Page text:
Colossians 3:18-25 is all about how Christians should face blood-duty: how does living in the image of Christ apply to different relationships within the family? As a Christian who is a spouse, parent, a child, a sibling?
I tried to discern what was the common point between the instructions for the different roles mentioned in this passage, and I realized it was something as simple as Christ.
Basically, Christ-likeness in the form of gentleness and humility are applicable to any role within the family, as long as the individual loves Christ and truly desires to please and be like Him. As a parent? Be gentle; resist the temptation to take your authority over your children for granted. Do not embitter your children, or they will become discouraged. As a spouse? Submit...love...do not be harsh. As a child? Obey humbly.
Christ-likeness: gentleness and humility. Regardless of what our roles within our family are, we need Him. We need to be motivated by Him. We need to emulate Him. And we need to be empowered by Him.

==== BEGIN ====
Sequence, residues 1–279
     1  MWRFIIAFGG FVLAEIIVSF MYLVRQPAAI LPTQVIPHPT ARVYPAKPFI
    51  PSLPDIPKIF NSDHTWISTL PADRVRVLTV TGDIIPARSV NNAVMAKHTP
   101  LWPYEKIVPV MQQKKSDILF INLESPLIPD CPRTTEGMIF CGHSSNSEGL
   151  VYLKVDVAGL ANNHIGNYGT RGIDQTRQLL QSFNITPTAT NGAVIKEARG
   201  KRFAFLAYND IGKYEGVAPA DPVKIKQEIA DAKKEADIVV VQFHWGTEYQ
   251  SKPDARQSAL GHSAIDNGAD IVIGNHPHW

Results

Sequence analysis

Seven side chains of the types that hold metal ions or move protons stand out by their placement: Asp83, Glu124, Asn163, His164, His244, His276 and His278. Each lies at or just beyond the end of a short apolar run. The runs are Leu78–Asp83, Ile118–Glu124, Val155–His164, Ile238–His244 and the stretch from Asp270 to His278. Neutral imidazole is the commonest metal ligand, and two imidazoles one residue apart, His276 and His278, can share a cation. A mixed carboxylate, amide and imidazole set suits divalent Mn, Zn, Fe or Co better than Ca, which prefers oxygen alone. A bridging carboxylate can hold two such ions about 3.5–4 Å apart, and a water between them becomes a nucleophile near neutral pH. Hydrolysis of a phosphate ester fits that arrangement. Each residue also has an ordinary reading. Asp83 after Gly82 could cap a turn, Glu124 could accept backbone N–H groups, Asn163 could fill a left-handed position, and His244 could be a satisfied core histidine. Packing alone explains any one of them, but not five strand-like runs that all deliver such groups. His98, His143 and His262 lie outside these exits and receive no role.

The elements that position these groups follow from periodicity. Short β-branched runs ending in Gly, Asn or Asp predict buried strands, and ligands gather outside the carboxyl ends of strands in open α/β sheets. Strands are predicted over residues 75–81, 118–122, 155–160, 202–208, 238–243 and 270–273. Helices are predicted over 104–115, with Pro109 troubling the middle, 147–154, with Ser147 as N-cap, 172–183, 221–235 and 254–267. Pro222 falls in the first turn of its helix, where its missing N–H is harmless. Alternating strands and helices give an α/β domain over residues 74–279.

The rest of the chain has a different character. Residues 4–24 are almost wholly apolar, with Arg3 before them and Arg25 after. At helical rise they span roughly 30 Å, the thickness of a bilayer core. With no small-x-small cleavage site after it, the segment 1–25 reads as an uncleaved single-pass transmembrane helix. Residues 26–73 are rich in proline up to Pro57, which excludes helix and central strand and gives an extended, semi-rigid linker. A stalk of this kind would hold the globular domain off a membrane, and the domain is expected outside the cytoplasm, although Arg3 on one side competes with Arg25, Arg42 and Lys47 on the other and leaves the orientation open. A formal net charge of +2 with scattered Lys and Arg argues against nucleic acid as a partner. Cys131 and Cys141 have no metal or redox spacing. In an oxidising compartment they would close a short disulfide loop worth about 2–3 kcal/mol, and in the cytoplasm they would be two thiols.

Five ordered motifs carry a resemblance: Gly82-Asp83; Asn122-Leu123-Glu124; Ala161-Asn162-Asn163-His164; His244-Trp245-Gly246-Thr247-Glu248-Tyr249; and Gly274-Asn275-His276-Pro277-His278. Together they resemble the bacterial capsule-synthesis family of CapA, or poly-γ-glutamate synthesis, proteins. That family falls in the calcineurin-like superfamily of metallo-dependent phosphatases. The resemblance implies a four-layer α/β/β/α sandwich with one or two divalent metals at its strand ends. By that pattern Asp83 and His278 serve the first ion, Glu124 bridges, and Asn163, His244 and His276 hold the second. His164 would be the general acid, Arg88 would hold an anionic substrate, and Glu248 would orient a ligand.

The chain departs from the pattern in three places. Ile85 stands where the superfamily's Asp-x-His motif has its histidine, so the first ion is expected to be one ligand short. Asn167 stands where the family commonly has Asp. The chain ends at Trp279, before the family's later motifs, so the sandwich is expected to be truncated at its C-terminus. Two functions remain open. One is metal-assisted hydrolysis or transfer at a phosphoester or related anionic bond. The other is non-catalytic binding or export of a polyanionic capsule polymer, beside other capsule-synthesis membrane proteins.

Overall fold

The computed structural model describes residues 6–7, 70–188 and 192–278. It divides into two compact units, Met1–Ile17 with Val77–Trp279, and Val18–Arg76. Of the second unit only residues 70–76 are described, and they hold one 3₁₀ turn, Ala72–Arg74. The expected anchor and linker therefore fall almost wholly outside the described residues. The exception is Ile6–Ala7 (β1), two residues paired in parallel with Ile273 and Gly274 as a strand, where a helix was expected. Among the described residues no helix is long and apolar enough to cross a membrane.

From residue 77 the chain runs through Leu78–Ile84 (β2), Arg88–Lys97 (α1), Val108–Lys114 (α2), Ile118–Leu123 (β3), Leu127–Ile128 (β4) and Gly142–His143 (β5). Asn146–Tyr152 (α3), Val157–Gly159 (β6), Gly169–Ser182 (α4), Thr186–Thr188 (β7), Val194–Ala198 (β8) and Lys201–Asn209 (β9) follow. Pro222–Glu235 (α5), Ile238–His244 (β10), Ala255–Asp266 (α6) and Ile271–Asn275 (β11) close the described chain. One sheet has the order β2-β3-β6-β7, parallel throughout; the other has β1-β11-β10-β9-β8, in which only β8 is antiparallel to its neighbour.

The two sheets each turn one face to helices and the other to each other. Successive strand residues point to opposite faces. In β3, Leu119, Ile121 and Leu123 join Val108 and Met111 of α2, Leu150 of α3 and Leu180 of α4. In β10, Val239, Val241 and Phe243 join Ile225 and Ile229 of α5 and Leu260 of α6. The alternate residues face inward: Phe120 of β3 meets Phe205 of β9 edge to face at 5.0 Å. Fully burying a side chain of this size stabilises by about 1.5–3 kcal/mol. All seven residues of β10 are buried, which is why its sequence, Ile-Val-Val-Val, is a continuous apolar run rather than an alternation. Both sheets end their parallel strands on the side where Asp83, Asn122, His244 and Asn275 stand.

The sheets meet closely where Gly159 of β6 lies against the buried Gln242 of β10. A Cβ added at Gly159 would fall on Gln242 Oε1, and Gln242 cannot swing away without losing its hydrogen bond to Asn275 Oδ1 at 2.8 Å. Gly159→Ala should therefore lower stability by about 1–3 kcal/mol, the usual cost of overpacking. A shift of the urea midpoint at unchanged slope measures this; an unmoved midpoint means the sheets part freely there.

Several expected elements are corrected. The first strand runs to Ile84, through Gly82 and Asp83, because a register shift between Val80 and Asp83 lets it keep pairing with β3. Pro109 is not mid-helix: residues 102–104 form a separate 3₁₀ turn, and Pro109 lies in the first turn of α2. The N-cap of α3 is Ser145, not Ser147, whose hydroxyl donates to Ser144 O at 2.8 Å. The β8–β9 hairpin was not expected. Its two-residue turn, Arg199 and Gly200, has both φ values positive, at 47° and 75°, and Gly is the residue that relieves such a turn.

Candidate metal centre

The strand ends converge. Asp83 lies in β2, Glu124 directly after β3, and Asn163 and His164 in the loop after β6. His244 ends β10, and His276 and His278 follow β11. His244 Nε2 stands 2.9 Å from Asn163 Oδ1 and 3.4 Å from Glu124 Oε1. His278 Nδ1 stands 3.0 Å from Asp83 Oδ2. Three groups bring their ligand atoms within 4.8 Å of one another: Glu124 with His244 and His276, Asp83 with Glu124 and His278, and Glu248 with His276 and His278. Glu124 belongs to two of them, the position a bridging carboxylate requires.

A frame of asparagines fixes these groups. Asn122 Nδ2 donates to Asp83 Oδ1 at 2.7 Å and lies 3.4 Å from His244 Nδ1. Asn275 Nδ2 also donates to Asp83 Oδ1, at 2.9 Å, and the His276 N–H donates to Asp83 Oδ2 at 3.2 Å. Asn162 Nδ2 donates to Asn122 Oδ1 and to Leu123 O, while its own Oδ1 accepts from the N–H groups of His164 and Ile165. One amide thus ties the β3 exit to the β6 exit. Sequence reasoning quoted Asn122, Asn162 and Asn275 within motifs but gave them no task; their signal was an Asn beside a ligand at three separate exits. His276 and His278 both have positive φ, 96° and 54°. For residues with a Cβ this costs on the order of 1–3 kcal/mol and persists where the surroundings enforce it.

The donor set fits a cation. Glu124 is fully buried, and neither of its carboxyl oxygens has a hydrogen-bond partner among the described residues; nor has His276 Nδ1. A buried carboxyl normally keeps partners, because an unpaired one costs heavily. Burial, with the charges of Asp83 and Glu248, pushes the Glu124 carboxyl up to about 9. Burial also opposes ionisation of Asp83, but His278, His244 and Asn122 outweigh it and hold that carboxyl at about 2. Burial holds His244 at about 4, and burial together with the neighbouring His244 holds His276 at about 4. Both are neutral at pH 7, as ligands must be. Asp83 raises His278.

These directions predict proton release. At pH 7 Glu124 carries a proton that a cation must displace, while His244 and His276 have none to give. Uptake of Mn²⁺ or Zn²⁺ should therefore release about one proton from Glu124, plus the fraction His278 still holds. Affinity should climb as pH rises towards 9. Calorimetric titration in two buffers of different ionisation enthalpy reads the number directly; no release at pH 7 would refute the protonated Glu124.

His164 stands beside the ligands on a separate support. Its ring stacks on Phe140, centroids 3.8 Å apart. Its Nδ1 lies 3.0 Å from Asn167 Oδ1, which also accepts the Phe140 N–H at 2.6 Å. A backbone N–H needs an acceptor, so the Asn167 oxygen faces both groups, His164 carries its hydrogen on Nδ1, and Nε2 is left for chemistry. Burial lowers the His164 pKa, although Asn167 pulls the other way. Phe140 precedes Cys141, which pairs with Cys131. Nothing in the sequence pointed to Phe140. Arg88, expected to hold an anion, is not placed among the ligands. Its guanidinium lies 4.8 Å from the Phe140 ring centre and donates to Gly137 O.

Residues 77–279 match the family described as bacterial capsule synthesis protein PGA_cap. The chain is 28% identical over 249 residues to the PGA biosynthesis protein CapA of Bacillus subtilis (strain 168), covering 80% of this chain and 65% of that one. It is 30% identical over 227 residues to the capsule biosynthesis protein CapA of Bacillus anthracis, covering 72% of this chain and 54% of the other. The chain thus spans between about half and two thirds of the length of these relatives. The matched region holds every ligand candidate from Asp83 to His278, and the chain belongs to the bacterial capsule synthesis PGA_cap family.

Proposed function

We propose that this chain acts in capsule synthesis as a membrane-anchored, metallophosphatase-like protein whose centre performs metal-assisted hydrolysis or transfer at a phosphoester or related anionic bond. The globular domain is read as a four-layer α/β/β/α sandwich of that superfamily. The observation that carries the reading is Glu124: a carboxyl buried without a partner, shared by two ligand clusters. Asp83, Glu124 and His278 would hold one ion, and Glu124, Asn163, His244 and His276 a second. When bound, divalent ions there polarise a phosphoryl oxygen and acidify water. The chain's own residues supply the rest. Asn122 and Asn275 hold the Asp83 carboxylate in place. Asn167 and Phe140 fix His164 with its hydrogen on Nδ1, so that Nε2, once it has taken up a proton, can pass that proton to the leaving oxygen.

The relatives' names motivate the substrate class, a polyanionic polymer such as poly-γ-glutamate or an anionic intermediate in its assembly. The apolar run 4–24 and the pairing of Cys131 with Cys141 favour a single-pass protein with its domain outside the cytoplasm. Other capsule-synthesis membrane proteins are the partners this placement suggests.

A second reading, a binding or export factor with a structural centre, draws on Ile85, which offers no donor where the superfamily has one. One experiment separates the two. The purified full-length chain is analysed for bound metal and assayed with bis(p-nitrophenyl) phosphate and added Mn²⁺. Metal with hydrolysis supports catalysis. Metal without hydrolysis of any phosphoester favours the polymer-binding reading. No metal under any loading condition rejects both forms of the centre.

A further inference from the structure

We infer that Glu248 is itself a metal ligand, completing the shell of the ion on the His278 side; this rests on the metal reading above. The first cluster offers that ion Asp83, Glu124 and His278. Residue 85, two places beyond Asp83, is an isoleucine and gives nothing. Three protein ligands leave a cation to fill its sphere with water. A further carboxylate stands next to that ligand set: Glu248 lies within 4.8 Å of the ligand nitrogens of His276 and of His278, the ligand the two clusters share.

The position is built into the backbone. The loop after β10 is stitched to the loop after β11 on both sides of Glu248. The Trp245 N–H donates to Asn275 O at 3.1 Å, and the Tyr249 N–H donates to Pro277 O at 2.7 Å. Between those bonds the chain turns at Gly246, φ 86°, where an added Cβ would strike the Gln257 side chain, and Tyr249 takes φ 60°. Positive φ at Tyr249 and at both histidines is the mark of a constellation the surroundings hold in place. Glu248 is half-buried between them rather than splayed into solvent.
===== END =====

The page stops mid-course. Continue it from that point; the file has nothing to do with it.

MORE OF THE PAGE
If we love Him, our strength to change will be from Him, to be like Him.
Relationships are important to our formation and growth as individuals.
I'm not about to write an essay--I hope--but I've been seeing this play out in different aspects of life. Firstly as a homeschooler. And secondly, as a Christian.
As a little guinea pig of education, I remember hearing adults talk over my head (literally) about how I wouldn't know how to interact with peers and would be socially handicapped. As an older guinea pig, I remember being told this to my face--of course, there were also more polite people who actually asked my opinion on that.
That, for the record, is more in a tongue-in-cheek spirit than a sarcastic one. I don't have hard feelings against those people who once annoyed me--I like to think I've outgrown teenage angst (which yes, I finally developed despite being a sheltered homeschooler.)